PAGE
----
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If there is a patent granted only in another juristiction can they retrospectively apply for a patent if you manufacture something similar in a different juristiction?

Consider this time-line:

  • party A is granted a patent for DeviceA in juristicationA (e.g. the US)

  • party A manufactures and sells DeviceA in juristicationA (e.g. the US)

  • party B manufactures a similar device DeviceB in juristicationB (e.g. the UK)

    marking it "for sale in juristictionB only" or "not for sale in juristictionA"

    (as per example Can a product patented in US be manufactured in India)

Q If party A discovers DeviceB can they apply for a patent in juristictionB that would make party B's business infringe retrospectively?

partyB could be:

  • unaware of DeviceA or its patent in juristictionA
  • deliberating trying to fill the niche locally and make a copy of DeviceA available for customers in JuristictionB
  • creating a 'knock-off' product not caring that it might impact partyA's current or future international business.

Morally we might hope that the laws in juristictionB would try to protect partyB in cases 1 and 2 and try to protect partyA in case 3.

What is typically the legal stance in this case?

Would the question be significantly different if you considered "design rights" instead of "patentable mechanisms"?

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There is nothing legally wrong with party B manufacturing a device anywhere where no one else has an issued patent, nor is there, in my opinion, anything morally wrong regardless of the three reasons you mention. A patent in the U.S. imposes no constraints on what can be made and sold in the U.K. Party A is free to decide to secure, or not secure, IP rights in which ever locations it deems important to its business plans.

Of course if party A did later get a U.K. patent, party B would need to stop making, selling, etc. anything that fell under the issued claims.

Can party A try to get a UK patent? Possibly - It would only be able to if it had initiated some appropriate action before the earlier of - (1) its patent application in the U.S. or anywhere else, was published, (2) it started selling anywhere in the world, or (3) it disclosed the invention anywhere in the world. An appropriate action would include filing a patent in any country that was part of the Paris Agreement as long as the UK (or EPO) application was filed within a year.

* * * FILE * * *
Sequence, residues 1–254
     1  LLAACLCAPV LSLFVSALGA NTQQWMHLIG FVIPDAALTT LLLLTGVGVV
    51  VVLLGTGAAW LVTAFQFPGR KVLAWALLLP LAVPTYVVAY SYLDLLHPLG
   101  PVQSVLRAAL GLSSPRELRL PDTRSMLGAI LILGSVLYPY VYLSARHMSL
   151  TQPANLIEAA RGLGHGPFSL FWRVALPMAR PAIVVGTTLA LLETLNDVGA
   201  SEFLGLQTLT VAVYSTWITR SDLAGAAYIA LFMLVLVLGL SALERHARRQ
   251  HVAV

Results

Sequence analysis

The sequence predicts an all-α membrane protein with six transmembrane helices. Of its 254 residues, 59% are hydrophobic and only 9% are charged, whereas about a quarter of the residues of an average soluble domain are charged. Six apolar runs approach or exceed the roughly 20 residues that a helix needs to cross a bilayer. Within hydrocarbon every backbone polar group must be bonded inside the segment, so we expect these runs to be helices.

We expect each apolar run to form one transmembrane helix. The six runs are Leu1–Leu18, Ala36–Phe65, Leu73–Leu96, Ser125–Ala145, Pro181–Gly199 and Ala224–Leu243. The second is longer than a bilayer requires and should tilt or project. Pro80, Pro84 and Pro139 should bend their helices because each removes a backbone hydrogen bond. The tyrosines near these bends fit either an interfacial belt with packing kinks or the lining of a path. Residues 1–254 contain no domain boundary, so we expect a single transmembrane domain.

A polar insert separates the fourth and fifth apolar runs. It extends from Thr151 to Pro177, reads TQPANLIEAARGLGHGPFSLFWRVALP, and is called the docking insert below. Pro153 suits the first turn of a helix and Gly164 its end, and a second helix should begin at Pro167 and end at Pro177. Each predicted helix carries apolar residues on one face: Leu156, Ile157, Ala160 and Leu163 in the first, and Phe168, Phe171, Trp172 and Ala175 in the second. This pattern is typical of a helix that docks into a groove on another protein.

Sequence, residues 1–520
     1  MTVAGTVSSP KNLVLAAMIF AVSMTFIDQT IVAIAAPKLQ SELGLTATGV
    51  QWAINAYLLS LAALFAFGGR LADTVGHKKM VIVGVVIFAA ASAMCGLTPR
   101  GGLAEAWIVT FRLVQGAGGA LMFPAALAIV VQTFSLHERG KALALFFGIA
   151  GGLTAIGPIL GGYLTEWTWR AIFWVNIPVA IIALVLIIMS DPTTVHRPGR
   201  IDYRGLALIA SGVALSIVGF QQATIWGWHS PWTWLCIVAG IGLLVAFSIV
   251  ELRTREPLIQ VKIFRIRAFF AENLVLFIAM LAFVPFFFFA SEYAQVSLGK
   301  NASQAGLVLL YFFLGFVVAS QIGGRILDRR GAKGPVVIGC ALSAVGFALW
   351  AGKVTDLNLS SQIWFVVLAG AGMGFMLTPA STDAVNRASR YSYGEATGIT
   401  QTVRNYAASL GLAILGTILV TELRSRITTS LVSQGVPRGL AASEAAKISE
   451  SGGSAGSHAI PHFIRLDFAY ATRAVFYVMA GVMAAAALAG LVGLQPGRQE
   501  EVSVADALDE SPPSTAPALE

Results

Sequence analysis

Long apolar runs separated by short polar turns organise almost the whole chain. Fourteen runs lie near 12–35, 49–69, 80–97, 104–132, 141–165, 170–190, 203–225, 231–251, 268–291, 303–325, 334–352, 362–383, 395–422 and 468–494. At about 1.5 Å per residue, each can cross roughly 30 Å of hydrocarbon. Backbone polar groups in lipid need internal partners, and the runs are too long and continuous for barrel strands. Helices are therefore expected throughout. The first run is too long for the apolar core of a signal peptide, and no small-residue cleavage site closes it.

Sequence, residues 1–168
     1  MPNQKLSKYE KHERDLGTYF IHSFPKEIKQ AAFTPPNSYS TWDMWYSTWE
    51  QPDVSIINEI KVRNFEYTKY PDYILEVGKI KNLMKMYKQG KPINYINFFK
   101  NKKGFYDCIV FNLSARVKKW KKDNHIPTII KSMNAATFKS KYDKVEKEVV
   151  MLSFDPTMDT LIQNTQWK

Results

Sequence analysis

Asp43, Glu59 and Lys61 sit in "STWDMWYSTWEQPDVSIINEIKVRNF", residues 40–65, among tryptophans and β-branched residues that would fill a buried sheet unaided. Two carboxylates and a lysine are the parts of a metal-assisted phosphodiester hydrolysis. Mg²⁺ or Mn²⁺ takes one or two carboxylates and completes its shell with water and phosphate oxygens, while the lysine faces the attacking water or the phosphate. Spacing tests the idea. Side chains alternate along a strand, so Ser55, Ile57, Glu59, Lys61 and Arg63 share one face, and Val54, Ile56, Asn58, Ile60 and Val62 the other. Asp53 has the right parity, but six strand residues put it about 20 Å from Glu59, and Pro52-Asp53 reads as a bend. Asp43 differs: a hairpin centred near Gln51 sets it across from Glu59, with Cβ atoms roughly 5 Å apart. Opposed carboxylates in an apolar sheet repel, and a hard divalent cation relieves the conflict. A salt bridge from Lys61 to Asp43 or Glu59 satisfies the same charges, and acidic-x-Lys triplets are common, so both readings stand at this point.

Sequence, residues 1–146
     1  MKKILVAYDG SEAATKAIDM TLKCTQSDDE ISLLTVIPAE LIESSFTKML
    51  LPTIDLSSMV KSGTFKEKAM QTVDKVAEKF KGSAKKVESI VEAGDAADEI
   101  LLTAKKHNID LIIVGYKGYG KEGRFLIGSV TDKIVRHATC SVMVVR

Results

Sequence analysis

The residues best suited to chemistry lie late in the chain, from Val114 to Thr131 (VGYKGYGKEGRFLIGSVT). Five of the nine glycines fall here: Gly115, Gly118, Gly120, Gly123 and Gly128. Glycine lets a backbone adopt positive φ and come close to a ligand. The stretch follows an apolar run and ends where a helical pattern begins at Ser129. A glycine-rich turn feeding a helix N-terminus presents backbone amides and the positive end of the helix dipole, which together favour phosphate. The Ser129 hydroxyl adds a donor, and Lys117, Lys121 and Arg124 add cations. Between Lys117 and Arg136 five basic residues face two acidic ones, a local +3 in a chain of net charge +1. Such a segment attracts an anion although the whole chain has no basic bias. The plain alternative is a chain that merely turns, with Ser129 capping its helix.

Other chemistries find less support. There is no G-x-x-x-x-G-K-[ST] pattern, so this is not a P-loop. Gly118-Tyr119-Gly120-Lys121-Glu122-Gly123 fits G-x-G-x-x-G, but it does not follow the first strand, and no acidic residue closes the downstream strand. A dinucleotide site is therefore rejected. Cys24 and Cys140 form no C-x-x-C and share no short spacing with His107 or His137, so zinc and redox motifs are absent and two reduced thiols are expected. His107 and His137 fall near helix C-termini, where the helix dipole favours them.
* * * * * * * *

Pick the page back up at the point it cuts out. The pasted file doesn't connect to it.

If those conditions were not met, party A can never file in the UK. The rules are the same in most places other than locations with some type of grace period.

Design rights, like the European Community Design Regulation, often provide for a grace period where the applicant's own disclosure can not be used against them. This would give party A a bigger window to decide if it wanted to secure its design rights than the window it has for its patent rights.


Retroactive infringement

There are scenarios where B makes a device that is fine in the U.K until A's patent issues. There is not retroactive infringement. As long as B stops making, selling, etc. as soon as the patent is issued they are not infringing.

In the U.S. there is rare possibility of retroactive royalty based on the infringer being put on notice of A's published application. It is called provisional rights in the U.S. - I don't know how common this is in other places.


Speed of perfecting rights

It is important for world-wide progress for implementers to know what an inventor will claim (and where) and what they will not. Learning from what others have done and copying it or build on it are a feature not a bug.

The publication of patents is to allow the world to benefit from what the inventor has done - within the constraints of any issued patent. That is what the inventor gives in a social contract with the rest of us in return for some limited exclusivity.

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  • Fixed "unaware of DeviceA or its patent in juristictionB" -> "unaware of DeviceA or its patent in juristictionA" – Bruce Adams May 24 at 14:59
  • So basically with "Can party A try to get a UK patent?" you're saying if partyA doesn't almost immediately get a world-wide patent (i.e. in as many places as possible) other parties are free to copy them in other juristications? This seems problematic if there is any delay on partyA's part. e..g budgetry restrictions and focusing on home market first. – Bruce Adams May 24 at 15:06
  • This follow up is answered here: patents.stackexchange.com/a/19703/26017 – Bruce Adams May 24 at 15:13
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I am not a lawyer so someone else might be more authoritative. However, I don't think this scenario is possible. If you file a US patent application, I believe you have up to one year to file equivalent foreign patent applications. Patent applications typically don't publish until 18 months after filing and a patent usually takes about 3 years to get granted. Thus if a US patent actual existed, you couldn't subsequent to that issuing file for an equivalent patent in a foreign jurisdiction as the US patent would represent prior art.

I don't know what the term "design rights" means. There are design patents, but those cover the ornamental design of functional objects which I don't think is relevant to the question being asked.

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